Skip to Content
Artificial intelligence

The Curious Mathematics of Domino Chain Reactions

A toppling domino can push over a larger domino but how much bigger can the next one be? One mathematician thinks he’s worked out the secret behind domino chain reactions

You’ve probably seen the domino effect in action where a row of standing slabs topple successively. Usually, the dominos are all the same size but a toppling domino actually has enough momentum to push over a bigger one. So it’s possible to set up a row of successively larger dominos that can be toppled by the push of a tiny slab at the beginning–a domino chain reaction.

So here’s an interesting question. How much bigger can each succeeding domino be?

Today, J M J van Leeuwen at Leiden University in The Netherlands takes this problem by the scruff of the neck and gives it a good mathematical shaking. It turns out that the answer–the maximum growth factor– isn’t quite as simple as the problem might suggest.

There are various videos, such as this one, on the internet that give a good demonstration of the chain reaction effect. The standard thinking is that a domino can topple another about 1.5 times as big, provided that the spacing between them is optimal.

The basic physics is straightforward. Standing a domino on its end stores a certain amount of potential energy which is released by pushing it over. However, the force required to topple the domino is smaller than the force it generates when it falls. It is this “force amplification” that can be used to topple bigger dominoes.

But the devil is in the detail since there are various ways that the dominoes lose energy as they topple. For example, a toppling domino comes to rest on its neighbour. So the collisions are inelastic, which is the main source of lost energy.  And in practice, the dominos can slide along the floor when they are hit and this can seriously impede toppling.

So van Leeuwen makes a series of simplifications in his mathematical analysis. He assumes that the friction between the ground and the dominoes is effectively infinite so that they cannot slide. He assumes the collisions are fully inelastic so the dominoes stay in contact with each other when they collide. He also assumes that once in contact with each other, the dominoes slide frictionlessly over each other.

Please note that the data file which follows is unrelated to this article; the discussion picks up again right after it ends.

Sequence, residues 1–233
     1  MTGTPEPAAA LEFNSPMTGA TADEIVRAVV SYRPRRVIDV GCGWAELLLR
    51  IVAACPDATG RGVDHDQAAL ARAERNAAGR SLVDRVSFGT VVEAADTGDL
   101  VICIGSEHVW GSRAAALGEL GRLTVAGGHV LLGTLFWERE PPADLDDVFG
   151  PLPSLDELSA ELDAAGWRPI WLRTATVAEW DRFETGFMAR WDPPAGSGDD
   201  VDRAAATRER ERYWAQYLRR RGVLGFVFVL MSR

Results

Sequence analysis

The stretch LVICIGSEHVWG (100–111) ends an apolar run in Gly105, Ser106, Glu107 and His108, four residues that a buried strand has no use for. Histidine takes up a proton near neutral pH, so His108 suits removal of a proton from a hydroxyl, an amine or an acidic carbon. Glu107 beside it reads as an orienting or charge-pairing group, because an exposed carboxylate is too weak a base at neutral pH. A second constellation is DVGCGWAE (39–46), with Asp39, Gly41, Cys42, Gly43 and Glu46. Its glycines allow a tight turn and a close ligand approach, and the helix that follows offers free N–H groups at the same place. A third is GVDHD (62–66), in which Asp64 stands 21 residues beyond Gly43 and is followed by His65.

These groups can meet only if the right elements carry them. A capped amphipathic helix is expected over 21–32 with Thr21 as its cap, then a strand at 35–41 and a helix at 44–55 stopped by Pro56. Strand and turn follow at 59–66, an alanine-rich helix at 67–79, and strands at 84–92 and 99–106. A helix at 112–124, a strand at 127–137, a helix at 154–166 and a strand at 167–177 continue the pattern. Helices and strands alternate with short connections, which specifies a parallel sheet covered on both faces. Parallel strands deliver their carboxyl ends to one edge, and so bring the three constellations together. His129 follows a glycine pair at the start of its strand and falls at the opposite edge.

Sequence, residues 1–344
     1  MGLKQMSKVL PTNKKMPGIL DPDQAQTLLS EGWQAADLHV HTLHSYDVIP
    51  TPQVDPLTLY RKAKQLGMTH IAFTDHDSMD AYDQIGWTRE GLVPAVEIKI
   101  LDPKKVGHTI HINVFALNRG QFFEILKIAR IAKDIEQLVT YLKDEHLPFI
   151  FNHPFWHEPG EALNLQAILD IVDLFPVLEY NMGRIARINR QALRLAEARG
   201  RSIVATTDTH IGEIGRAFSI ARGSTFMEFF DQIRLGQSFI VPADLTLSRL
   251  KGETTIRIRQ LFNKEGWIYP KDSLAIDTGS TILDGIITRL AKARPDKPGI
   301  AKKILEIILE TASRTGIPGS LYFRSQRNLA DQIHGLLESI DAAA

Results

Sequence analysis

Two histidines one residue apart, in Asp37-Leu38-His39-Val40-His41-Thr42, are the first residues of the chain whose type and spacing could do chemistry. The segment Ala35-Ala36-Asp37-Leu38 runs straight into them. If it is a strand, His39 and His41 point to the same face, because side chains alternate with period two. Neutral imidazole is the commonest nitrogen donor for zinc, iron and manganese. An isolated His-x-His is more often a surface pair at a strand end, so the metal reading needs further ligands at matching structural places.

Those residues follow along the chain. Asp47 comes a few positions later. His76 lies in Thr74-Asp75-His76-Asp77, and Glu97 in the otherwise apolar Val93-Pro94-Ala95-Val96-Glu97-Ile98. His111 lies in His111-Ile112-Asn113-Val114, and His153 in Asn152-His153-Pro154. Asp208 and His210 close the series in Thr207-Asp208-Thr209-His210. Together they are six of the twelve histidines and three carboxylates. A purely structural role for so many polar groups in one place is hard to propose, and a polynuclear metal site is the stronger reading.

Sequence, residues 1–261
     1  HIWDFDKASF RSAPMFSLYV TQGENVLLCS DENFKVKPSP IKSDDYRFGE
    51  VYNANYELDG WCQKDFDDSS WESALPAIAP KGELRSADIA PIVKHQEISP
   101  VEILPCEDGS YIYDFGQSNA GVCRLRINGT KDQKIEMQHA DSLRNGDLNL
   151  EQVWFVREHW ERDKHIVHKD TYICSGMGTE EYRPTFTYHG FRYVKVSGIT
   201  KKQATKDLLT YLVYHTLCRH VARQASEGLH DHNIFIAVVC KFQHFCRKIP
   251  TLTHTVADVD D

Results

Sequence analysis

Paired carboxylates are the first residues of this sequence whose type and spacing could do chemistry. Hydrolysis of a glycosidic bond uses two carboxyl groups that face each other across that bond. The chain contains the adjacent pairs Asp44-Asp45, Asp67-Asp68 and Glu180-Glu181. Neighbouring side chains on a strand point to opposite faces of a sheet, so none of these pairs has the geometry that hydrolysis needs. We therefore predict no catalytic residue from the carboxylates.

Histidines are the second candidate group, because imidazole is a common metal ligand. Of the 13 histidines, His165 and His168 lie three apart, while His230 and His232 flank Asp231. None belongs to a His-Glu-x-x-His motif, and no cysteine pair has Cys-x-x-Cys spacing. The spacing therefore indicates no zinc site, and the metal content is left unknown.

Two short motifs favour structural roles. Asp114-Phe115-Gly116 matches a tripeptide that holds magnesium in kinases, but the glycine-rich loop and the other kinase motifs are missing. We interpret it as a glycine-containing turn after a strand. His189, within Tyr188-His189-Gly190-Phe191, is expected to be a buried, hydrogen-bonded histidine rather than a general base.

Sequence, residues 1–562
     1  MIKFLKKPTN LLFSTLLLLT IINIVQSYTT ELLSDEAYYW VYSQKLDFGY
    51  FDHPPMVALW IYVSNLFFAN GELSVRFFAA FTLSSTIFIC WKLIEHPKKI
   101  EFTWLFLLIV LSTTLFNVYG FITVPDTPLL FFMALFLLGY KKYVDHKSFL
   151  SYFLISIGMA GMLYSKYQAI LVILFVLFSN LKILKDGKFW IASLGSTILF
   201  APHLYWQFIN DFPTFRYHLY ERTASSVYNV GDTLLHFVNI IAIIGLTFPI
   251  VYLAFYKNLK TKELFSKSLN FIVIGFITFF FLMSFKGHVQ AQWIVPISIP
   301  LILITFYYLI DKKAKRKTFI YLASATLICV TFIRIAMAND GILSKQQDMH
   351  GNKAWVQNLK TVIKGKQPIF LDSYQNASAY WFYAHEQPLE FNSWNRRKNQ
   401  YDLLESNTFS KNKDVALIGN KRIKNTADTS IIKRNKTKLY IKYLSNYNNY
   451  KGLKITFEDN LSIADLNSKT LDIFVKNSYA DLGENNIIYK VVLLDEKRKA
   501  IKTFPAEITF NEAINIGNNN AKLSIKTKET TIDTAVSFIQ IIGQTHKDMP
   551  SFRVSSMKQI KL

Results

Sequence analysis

Given these assumptions, he then shows that with optimal spacing, each succeeding domino can be no more than about twice as big as the previous one, which is maximum growth factor of no more than about 2. 

That’s significantly more than has been assumed in the past. He admits that achieving this limit is probably unrealistic in practice because the assumptions can never hold perfectly. For example, dominoes will always slip by a small amount. 

Nevertheless, even a growth factor of 1.5 leads to some extraordinary chain reactions. A series of 13 dominoes that grow at this rate will amplify the force needed to push the smallest by a factor of 2 billion. And it doesn’t need a particularly long series before the largest dominoes are the size of sky scrapers.

Entertaining mathematics!

Ref: Domino Magnification

Deep Dive

Artificial intelligence

Yann LeCun has a bold new vision for the future of AI

One of the godfathers of deep learning pulls together old ideas to sketch out a fresh path for AI, but raises as many questions as he answers.

Inside a radical new project to democratize AI

A group of over 1,000 AI researchers has created a multilingual large language model bigger than GPT-3—and they’re giving it out for free.

Sony’s racing AI destroyed its human competitors by being nice (and fast)

What Gran Turismo Sophy learned on the racetrack could help shape the future of machines that can work alongside humans, or join us on the roads.

DeepMind has predicted the structure of almost every protein known to science

And it’s giving the data away for free, which could spur new scientific discoveries.

Stay connected

Illustration by Rose Wong

Get the latest updates from
MIT Technology Review

Discover special offers, top stories, upcoming events, and more.

Thank you for submitting your email!

Explore more newsletters

It looks like something went wrong.

We’re having trouble saving your preferences. Try refreshing this page and updating them one more time. If you continue to get this message, reach out to us at with a list of newsletters you’d like to receive.